But I go with Jacobs over Douthat on the source of the problem: I don’t think it is dishonesty. I think it is a genuine mistake based on confusion. And it is a confusion which, ironically, may have its source in a similar confusion present in the self-understanding of American religious believers. Certain kinds of publicly influential American Christians (mostly Protestant, but the critique applies to many Catholics today as well) have simply accepted the secular/religious binary, and have agreed to play by the its rules in our public discourse. Implicit in these rules is a sense that a “secular” discourse, evacuated of all explicitly faith-based content, is somehow more objective, more rational, more convincing. It is therefore more appropriate for the public sphere. Explicitly faith-based approaches are not appropriate for serious academic institutions and for evaluation of federal laws by serious Supreme Court justices because such approaches are beholden to faith based first principles.
But as Jacobs, Douthat, and many, many others (another important example is that of Jonathan Haidt) have shown, “secular” normative are similarly beholden to dogmatic starting points. One unintended consequence of accepting US-style religious freedom has been that these traditions get a free pass, and continue to have a privileged place in our public discourse based on their supposed objectivity and rationality. Why does this myth persist? Perhaps their not being explicit about their faith-based starting points, and therefore not identifiable as “religious”, means that by default they must be on “the other side” of our simplistic religious/secular binary. Meanwhile, those who are explicit about their faith-based starting points–especially when those starting points challenge the dominant view of the nature of religious belief–are marginalized from the public discourse and subject to what in other contexts would be called bigotry.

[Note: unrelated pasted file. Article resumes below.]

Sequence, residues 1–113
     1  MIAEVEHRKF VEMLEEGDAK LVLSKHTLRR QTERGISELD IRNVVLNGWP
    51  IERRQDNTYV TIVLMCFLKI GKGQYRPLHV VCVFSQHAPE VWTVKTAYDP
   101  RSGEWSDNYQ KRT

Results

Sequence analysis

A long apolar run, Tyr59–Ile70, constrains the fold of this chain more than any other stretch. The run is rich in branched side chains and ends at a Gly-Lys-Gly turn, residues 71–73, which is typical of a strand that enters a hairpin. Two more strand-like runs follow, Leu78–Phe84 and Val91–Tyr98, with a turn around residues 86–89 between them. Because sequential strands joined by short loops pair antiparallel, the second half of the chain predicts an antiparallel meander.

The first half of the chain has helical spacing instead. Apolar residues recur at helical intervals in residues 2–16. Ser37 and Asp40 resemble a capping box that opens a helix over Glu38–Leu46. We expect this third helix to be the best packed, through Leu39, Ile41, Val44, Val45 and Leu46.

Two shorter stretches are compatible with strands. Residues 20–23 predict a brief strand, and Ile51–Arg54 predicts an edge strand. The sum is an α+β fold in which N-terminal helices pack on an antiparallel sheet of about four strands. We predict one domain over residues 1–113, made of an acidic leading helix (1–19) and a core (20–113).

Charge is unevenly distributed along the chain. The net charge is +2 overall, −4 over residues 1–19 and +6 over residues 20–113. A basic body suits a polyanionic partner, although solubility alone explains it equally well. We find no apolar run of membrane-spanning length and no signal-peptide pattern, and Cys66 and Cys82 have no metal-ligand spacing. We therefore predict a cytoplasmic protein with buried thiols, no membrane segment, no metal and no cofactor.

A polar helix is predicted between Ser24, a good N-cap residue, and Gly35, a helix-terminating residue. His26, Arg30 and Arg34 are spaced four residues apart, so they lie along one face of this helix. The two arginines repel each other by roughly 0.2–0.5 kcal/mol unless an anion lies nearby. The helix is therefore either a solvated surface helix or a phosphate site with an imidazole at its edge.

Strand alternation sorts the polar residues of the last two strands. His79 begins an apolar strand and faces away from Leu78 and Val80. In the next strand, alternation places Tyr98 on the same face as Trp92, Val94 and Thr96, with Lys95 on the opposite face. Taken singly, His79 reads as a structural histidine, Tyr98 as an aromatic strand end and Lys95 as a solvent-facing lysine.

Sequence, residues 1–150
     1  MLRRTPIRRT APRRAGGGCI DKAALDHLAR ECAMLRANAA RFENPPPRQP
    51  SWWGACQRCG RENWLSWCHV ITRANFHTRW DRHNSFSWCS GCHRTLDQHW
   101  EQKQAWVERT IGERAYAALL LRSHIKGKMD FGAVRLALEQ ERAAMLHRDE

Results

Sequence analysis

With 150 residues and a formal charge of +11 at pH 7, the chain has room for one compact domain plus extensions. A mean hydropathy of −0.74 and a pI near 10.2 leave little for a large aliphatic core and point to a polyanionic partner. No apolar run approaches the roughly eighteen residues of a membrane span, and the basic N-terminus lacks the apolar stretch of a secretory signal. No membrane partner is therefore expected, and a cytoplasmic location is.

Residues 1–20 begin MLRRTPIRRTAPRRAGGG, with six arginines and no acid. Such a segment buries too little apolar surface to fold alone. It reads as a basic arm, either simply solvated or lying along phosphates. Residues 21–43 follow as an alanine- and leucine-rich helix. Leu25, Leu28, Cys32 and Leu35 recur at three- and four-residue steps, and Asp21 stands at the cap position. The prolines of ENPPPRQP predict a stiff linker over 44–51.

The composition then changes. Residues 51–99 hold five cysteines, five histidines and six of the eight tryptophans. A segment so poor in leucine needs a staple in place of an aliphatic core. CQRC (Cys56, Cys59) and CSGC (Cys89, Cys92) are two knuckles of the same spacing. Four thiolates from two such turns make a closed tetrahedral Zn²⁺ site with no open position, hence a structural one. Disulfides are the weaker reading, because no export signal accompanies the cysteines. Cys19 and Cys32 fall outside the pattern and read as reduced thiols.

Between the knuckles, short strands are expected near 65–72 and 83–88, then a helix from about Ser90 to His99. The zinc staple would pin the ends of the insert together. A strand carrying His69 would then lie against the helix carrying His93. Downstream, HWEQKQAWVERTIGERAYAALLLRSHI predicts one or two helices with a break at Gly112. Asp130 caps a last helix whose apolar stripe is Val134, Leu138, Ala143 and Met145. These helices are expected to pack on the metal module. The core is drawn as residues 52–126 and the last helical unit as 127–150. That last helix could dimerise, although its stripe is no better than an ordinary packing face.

Happily, the Hobby Lobby decision not only created new breathing space for those with the minority view, it provides a much-needed opportunity for our culture to adopt a more authentic understanding about the nature of religious belief and its role in public life.